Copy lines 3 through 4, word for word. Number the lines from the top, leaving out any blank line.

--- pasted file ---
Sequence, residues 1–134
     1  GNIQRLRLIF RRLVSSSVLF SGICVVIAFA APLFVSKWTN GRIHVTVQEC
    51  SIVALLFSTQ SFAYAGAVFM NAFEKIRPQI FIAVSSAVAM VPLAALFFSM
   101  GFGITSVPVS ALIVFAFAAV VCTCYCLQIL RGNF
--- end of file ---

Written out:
    51  SIVALLFSTQ SFAYAGAVFM NAFEKIRPQI FIAVSSAVAM VPLAALFFSM
   101  GFGITSVPVS ALIVFAFAAV VCTCYCLQIL RGNF